Lunar Regolith Derived From The Earth's Archean Crust?

Posted on 03.27.2019

Apollo Sample 14321

Jeremy Bellucci (B.S. ’06) and colleagues recently determined that a felsite clast in a sample of Lunar regolith (Apollo sample 14321), collected by Apollo 14 astronaut Alan Shepard on February 6, 1971, may be derived from Earth’s Archean crust. Jeremy and team’s fascinating results were published in a recent issue of Earth and Planetary Sciences Letters (vol. 510, pp. 173-175, 2019) and involved detailed ion beam analyses (SIMS) of trace element concentrations in 4.01 Ga zircon and quartz from the felsite clast. Details of their analyses and calculated equilibrium zircon crystallization pressures, combined with previous age and oxygen fugacity determinations, suggest the felsite clasts in the Lunar regolith are most likely derived from Earth’s surface during an impact event. The clasts were ejected from Earth and delivered to the Lunar surface where they were subsequently entrained in the regolith and chemically modified during the Imbrium Lunar impact event. Read more about Jeremy’s paper in this EOS paper.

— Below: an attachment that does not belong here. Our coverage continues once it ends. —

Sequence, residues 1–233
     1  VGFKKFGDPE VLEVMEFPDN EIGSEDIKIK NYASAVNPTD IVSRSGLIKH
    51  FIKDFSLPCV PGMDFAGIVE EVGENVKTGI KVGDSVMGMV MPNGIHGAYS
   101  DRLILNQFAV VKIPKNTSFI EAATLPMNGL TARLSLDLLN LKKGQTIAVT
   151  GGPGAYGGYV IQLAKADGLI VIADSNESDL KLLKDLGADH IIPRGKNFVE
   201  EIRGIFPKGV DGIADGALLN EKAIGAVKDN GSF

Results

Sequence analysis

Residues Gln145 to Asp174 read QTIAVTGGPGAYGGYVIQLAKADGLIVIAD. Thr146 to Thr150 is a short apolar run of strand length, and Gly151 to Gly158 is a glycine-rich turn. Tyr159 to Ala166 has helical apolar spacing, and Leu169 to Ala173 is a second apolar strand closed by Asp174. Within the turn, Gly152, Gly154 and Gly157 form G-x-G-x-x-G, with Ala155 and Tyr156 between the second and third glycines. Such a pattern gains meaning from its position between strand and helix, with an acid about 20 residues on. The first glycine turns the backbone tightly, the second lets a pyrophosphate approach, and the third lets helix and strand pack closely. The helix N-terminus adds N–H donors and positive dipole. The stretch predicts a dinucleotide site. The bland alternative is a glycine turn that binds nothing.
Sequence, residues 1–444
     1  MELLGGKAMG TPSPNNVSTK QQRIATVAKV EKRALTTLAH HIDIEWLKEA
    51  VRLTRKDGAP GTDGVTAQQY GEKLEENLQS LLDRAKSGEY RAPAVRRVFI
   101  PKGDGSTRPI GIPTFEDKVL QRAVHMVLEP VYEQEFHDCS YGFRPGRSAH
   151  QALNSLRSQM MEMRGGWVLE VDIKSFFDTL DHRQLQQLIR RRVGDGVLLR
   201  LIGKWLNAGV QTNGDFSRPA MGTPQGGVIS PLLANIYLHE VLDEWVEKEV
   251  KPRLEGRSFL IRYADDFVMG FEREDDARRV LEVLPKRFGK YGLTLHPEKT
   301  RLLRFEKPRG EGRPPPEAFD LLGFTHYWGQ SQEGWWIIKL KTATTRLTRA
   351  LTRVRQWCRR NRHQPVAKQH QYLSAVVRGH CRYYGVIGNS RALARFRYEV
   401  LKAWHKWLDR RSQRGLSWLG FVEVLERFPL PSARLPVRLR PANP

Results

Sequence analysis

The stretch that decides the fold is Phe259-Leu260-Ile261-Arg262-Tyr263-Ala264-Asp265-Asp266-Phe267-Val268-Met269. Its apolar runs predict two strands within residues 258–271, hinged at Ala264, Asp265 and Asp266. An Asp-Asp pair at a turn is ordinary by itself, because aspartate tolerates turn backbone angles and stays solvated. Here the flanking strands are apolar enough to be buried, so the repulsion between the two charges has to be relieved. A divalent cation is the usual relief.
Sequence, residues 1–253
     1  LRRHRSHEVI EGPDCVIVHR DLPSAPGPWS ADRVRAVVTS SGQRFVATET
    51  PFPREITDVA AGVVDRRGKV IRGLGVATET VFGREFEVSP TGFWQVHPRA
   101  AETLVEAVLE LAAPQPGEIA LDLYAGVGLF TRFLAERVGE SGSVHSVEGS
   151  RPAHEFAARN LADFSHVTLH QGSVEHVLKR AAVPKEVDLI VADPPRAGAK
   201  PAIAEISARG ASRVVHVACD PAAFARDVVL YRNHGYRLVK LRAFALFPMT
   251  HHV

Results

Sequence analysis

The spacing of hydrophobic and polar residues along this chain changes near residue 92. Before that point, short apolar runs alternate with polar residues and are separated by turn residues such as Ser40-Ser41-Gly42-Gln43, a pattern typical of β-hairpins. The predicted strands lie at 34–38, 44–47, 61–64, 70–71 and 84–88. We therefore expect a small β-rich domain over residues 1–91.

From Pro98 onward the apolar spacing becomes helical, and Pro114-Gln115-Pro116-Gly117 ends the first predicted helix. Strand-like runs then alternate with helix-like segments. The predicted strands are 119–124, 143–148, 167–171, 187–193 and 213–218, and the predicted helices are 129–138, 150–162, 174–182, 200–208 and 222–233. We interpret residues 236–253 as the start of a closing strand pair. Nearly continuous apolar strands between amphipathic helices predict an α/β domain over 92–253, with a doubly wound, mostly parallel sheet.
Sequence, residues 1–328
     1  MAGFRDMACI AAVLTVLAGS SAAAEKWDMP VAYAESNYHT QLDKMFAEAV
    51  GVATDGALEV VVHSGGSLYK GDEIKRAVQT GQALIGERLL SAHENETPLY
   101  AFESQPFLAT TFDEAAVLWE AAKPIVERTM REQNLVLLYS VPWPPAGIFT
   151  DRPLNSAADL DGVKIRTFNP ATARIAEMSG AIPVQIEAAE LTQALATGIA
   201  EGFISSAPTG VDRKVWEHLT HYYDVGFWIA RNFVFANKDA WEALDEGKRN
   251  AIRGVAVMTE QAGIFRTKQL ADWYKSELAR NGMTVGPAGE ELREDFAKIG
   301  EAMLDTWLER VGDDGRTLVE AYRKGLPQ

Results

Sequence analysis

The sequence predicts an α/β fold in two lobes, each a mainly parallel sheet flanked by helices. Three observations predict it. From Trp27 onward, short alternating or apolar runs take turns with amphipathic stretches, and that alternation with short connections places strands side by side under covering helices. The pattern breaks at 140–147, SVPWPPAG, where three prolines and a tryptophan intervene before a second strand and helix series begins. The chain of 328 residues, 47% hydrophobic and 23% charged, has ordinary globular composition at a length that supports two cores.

After graduating from Illinois, Jeremy completed his Ph.D. in Geochemistry at the University of Maryland (’11), followed by a postdoctoral position at Notre Dame (‘11-‘13). Jeremy is currently a Research Scientist with the Natural History Museum of Sweden in Stockholm.